Naturally Niagara Falls

There’s no getting away from it. Princess Diana took her kids and you must take yours for at least one thrilling ride on Hornblower Niagara Cruises, one of Niagara Falls‘ most enjoyed tourist attraction.  These tour boats hover at the foot of the Falls long enough to soak passengers in the deluge that is the ‘mist’ and thrill them with tales of rescues from the seething rapids.  Going early leaves most of the day to take in Niagara’s natural beauty.

After the foaming fury of the river, enjoy a little respite with a family picnic at Dufferin Islands. Nature area where flocks of ducks dabble in the waters between the interconnected islands.  Lie back and appreciate its serene beauty knowing that it’s completely free.

Having eaten, the kids are now ready to head to the Niagara Parks’ Butterfly Conservatory, home to thousands of tropical butterflies.  “Wear something colourful”, we were told.  The advice was good.  Barely ten feet inside the door, a giant Blue Morpho butterfly settles on my daughter’s shoulder.  One of some 2,000 tropical butterflies hatched in this indoor tropical jungle, it flutters off to a place of juicy orange sections.  Others prefer flower nectar, flitting between between flowering Porterweed and bleeding hearts.  Butterflies live only a few weeks at most, so the supply must constantly be replenished in a hatchery where we watch them emerging from their cocoons.

The kids have been great so we treat them to a meal with a view.  Suitably family friendly, the Skylon Tower’s buffet fist the bill with the added bonus of a ride to the observation deck in the price.

Day two starts with an adventure:  a descent down the metal staircase leading into the Niagara Glen Nature Reserve, a wonderfully wile place to bring children old enough to enjoy a vigorous hike along the rocky paths leading down into the cool depths of the Niagara Gorge.

Here the Niagara River roars through Crips Eddy at more than 40 km per hour.  We find massive boulders that once whirled in the river before it changed its course.  Delicate ferns cling to damp rocks and wild flowers thrive in the shade.  It takes three of us holding hands to reach around the trunk of a towering Tulip tree, one of the many southern species found in this protected wilderness.  Feeling energetic?  Rent bicycles to explore a section of the Niagara River Recreation Trail, a paved path paralleling the river.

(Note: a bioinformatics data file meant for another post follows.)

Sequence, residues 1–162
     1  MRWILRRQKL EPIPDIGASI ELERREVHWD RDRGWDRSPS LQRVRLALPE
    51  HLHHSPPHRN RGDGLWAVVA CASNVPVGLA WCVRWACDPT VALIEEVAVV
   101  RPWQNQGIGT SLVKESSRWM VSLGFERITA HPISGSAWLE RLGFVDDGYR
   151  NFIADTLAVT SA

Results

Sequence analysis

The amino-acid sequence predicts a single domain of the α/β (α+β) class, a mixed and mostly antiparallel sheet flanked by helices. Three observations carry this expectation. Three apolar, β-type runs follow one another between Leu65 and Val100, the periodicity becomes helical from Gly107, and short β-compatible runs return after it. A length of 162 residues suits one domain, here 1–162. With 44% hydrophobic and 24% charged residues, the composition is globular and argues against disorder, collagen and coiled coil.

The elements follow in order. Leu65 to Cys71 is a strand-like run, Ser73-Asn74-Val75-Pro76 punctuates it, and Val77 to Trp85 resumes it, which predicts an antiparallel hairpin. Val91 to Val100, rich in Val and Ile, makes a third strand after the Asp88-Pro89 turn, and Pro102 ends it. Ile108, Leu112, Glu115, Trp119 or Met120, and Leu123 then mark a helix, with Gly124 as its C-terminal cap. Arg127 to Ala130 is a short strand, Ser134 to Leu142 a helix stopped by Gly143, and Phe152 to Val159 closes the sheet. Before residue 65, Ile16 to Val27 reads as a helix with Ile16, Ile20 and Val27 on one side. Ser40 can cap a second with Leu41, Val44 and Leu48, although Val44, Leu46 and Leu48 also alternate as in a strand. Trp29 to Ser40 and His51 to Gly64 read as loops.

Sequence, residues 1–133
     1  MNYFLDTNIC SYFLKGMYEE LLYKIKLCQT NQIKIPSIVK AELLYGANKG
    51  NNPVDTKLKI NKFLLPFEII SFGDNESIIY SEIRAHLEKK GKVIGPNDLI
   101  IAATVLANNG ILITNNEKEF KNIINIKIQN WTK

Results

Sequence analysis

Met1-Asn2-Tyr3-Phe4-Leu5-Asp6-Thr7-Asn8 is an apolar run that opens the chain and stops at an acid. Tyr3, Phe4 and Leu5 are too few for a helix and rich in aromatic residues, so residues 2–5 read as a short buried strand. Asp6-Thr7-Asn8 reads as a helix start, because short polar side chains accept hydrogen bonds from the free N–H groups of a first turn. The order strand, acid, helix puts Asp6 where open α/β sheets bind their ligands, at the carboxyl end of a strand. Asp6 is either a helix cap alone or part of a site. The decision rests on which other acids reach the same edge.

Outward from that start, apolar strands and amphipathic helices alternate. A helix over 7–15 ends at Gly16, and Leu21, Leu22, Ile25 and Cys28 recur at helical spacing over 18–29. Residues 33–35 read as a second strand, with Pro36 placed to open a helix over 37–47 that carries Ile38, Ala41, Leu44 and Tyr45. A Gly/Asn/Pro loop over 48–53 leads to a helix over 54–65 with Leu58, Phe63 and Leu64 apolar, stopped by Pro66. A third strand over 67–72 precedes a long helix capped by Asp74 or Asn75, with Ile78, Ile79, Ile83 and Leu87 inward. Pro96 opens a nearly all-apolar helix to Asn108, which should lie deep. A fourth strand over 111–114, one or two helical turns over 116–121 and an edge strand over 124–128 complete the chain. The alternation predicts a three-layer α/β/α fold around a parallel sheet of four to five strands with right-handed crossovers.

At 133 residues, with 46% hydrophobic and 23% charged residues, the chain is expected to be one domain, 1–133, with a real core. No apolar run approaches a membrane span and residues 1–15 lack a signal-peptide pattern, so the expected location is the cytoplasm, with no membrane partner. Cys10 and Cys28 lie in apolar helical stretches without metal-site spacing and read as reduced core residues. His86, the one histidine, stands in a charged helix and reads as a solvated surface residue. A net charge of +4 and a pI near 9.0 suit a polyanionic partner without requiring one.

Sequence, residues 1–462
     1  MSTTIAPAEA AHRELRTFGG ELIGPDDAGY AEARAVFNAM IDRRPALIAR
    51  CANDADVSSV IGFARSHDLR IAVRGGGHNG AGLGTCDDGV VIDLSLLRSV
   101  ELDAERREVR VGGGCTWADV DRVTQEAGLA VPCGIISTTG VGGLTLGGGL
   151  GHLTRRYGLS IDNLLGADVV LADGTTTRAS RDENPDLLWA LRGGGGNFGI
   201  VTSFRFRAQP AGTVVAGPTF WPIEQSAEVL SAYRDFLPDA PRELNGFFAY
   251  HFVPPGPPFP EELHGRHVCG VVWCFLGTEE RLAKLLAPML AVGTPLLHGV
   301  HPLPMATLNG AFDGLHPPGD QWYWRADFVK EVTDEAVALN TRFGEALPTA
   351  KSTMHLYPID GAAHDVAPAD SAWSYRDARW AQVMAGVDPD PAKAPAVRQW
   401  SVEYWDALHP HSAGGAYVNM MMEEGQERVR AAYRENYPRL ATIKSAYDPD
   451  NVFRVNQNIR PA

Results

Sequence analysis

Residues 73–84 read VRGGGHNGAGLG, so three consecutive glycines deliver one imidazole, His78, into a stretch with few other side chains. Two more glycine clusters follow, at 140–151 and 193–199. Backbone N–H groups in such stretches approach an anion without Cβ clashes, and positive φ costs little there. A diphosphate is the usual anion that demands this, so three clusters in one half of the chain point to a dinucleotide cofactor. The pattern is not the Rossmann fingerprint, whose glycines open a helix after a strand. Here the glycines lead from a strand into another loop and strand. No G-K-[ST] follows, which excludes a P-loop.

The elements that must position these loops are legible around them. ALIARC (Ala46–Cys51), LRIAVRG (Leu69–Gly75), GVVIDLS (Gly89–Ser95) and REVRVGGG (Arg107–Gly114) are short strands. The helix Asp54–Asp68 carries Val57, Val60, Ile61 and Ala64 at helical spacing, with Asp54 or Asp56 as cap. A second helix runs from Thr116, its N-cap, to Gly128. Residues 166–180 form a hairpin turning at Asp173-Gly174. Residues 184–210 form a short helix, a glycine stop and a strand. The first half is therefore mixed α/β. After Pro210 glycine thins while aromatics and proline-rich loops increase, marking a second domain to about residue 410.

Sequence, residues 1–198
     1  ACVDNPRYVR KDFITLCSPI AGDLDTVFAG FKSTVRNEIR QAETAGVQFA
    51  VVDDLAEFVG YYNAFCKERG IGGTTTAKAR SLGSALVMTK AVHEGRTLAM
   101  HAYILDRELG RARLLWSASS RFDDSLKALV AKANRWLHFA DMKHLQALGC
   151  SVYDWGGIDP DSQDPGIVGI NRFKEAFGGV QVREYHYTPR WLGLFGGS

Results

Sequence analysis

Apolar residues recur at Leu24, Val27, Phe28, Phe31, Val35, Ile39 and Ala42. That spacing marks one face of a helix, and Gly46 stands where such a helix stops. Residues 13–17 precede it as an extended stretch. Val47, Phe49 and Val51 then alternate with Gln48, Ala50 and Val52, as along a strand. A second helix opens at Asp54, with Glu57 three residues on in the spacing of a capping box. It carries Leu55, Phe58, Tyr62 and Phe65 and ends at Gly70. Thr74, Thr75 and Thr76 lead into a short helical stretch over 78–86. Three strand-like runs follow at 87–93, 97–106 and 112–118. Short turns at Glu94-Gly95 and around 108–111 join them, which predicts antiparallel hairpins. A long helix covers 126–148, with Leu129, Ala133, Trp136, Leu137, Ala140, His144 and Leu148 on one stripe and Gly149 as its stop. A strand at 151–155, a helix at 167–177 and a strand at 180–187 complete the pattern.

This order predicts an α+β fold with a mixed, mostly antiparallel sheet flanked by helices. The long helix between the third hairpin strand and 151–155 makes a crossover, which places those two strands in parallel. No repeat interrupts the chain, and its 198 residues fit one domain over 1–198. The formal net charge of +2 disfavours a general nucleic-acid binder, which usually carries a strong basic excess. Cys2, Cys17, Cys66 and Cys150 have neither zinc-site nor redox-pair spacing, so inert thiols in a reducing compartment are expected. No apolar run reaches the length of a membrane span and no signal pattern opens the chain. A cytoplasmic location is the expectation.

For younger children the easiest way to see the Niagara river up close is on the White Water Walk just 4 km north of the Canadian Horseshoe Falls.  Easily accessed by an elevator, the one kilometre boardwalk gets you close enough to the river’s edge to feel the drama of North America’s most intense rapids (class 6) and even be splashed by a rogue wave.  Safe and easily managed with a stroller, this Niagara riverside ramble is one we never miss.

Should the weather turn gloomy we have a back-up plan.  Hit an indoor waterpark for some spiral slides and spraying fountains, then visit Bird Kingdom, in indoor jungle filled with free-flying parrots and a historic Javanese Teahouse. If  we get get the timing right, we’ll see fruit bats feeding on apples and bananas.  And you don’t have to be a kid to beam with glee when tame lorikeets land on your to accept a drink of nectar.

After nightfall, when the blinking neon lights of Clifton Hill’s wax museums and arcades light up the night, we’ll ride the Niagara Skywheel, sharing an enclosed gondola that rises 50 meters above Niagara Falls.  We’re on vacation so we’ll stay up late for an evening stroll along the river to the Table Rock Welcome Centre to see the stately American and Canadian Horseshoe Falls illuminated with mega-watt colour.

Enjoy visiting and exploring natural Niagara.

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